This image is a 20 minute exposure taken about 5 miles south of Stephenville, and looking east. To the right of the frame is normal night sky. To the left is tax money spent on light that does nothing useful. This is light sent off into the sky by poorly designed fixtures; up to 40% of the total light output of many of the streetlights and exterior building lighting in the city is wasted in this way.
This much shorter exposure looking north gives a much better idea of the total light waste. Remember that it's a clear night; that light isn't being reflected from clouds, just illuminating normal atmospheric haze. On a cloudy night, the glow can actually be enough to navigate by at this range.
Why does this happen? In order to define the problem, it is helpful to establish a few basic reference. As this image from Phillips/HADCO shows, there are multiple regions of illumination to consider with regard to the typical street lamp. The primary illumination area extends to a maximum of 80 degrees above the vertical line from the lamp to the ground. (It is worth noting at this point that most lamps do not emit enough light to provide useful illumination to this distance. In a typical streetlight installation, the angle is less than 70 degrees.) From 80 to 90 degrees, the light emitted is not useful for illumination at ground level, and contributes only to glare. Above 90 degrees, the light emitted becomes skyglow, as seen in the first two images.
Thus, a street lamp which emits light equally in all directions would waste 50% of its output as skyglow, and another 5% as glare. Fortunately, this would not be a typical streetlight design; the hood and overhead supports of most streetlights block most of the light from going directly upward. Unfortunately, this tends to be more of a design accident than an intentional and properly implemented approach to good lighting design.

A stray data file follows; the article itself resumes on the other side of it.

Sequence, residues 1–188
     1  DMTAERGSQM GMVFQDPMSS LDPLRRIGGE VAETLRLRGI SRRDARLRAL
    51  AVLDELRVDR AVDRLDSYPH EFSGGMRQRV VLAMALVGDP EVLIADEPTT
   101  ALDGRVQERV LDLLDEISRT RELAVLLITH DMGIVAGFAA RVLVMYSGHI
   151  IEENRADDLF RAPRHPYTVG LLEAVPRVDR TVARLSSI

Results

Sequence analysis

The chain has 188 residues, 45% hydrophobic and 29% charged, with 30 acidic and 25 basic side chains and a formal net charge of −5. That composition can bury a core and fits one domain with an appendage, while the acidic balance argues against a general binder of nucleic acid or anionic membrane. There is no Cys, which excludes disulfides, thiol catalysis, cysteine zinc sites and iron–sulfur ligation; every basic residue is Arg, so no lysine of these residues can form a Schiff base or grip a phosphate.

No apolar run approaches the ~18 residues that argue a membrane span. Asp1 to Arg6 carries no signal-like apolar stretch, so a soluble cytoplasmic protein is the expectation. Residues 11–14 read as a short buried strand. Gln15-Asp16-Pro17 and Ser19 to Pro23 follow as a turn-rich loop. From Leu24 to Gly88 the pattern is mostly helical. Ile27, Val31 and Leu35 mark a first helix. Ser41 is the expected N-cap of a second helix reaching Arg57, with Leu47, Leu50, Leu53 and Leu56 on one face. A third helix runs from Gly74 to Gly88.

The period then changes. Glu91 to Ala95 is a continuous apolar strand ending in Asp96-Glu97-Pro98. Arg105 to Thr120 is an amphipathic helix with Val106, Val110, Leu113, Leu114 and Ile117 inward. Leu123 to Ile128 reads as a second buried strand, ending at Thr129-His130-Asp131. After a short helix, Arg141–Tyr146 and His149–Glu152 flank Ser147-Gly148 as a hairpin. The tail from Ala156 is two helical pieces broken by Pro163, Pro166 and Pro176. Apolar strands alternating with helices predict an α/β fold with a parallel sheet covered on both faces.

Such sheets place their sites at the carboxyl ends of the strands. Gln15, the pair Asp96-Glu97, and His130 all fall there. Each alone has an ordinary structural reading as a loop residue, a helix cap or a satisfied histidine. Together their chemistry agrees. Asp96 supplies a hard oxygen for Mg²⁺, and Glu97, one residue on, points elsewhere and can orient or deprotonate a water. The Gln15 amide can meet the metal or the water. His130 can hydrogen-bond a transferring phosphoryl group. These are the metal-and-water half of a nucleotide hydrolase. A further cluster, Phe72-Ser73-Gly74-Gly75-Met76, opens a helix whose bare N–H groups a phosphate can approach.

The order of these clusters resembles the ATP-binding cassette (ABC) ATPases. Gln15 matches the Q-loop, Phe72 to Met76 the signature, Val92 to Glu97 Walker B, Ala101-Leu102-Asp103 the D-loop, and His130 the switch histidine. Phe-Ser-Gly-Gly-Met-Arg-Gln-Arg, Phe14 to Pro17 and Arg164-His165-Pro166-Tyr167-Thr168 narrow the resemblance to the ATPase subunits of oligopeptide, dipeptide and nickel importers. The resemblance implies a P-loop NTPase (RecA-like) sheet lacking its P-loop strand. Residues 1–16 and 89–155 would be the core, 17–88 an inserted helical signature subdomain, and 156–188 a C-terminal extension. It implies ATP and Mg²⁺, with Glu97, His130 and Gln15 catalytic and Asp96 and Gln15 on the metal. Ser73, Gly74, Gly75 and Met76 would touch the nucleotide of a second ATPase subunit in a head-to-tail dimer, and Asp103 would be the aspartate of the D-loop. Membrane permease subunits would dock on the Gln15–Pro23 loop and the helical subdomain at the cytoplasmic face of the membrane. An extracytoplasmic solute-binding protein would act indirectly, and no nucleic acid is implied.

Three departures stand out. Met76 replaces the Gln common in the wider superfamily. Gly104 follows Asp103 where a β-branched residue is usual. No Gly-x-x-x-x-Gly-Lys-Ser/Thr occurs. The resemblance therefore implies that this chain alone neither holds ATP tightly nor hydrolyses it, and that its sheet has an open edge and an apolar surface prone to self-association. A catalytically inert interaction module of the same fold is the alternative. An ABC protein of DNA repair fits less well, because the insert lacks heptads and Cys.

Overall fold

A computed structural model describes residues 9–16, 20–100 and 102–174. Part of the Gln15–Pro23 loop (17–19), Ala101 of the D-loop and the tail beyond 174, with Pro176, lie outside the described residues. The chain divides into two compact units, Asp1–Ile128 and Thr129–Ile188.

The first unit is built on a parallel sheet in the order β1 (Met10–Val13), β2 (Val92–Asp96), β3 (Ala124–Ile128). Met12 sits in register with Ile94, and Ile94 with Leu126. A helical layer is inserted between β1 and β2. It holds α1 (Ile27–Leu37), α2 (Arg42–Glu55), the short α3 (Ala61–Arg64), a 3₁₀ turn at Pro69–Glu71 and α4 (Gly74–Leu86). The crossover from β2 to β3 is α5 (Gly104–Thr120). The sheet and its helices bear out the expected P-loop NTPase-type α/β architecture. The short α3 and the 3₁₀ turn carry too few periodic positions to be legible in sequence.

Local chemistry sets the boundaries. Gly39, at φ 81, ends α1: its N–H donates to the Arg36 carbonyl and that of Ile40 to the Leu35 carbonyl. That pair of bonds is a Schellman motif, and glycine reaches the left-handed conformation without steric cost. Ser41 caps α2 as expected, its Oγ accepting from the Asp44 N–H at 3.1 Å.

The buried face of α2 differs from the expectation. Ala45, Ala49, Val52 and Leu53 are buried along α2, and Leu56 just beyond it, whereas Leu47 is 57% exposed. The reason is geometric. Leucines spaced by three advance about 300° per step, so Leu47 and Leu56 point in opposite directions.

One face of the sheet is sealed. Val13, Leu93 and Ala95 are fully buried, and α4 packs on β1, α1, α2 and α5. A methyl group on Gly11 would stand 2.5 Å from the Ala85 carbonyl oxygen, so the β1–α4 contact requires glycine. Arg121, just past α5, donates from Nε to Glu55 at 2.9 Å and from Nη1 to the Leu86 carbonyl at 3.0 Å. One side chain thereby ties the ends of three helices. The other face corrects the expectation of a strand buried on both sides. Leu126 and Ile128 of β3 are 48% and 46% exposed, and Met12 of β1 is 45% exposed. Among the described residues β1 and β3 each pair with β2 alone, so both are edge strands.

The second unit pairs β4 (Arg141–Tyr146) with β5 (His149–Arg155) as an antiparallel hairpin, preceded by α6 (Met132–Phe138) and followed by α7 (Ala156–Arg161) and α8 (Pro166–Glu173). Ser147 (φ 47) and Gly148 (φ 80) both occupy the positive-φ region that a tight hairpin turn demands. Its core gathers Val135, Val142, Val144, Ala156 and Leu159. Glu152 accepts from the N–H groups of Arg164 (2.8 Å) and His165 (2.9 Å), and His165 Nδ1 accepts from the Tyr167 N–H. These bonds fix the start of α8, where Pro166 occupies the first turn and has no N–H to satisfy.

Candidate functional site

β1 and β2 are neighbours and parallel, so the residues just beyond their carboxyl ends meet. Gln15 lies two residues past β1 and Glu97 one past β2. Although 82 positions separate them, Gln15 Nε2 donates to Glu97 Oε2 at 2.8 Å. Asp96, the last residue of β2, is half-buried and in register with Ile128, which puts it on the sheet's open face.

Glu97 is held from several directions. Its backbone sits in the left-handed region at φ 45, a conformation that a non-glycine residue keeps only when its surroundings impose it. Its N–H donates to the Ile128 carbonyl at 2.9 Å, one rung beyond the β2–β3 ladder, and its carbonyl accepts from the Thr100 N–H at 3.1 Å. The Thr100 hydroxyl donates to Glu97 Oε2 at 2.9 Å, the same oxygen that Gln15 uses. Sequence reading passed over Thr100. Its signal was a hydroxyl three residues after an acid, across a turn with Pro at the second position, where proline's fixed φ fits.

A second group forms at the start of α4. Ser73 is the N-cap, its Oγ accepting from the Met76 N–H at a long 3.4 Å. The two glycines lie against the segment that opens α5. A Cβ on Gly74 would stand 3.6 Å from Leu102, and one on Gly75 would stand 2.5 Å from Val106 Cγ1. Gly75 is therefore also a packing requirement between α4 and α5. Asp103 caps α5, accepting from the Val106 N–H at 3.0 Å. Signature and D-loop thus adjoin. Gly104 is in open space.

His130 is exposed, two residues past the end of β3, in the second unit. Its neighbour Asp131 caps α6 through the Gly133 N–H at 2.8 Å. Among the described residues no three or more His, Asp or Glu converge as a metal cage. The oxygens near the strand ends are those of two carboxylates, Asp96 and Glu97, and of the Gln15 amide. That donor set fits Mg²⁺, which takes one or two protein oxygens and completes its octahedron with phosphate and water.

This image from EVLuma illustrates the light output of a typical NEMA fixture, commonly used for street lighting in Stephenville, compared with a fixture retrofitted with their full-cutoff LED module. Note that in the normal fixture at left, there is a significant amount of light emitted both horizontally and well above the horizontal plane. This provides no useful illumination from an elevated fixture. The LED retrofit eliminates this waste light, but other methods, including reflective shields, are also available.
Taking, as an example, a typical 150 watt high pressure sodium bulb -the most common streetlight light source - and placing it in a reflector assembly to redirect the wasted light back into the useful area, we can then reduce the needed wattage by 40%, or 60 watts, without reducing the amount of useful light at all. Multiplying that by the 1,096 streetlights in Stephenville would give a savings of over 65 kilowatts of energy.
How well do full-cutoff area lights work? This photo of a local motel illustrates an excellent implementation of efficient, low-glare lighting. The parking lot is well illuminated, with very little light shining beyond the area of intended illumination, and no light going directly into the sky. Additionally, almost no light is directed into the rooms' windows, where it would serve no useful purpose, and would disturb the customers.
How can this problem be effectively addressed? Replacing all of the more than 1,000 streetlights in the city would be cost prohibitive. When New Mexico passed its lighting regulations, in 1999 all existing lights were grandfathered, but any replacements were required to be compliant with the new regulations. Texas Health and Safety Code chapter 425 requires that all new or replacement state-funded lighting comply with restrictions including that all light fixtures with output over 1800 lumens (roughly equivalent to a single 100 watt incandescent bulb) be of a full-cutoff design. As such, the city should adopt similar restrictions on at least its own outdoor lighting, and potentially on all outdoor lighting within the city.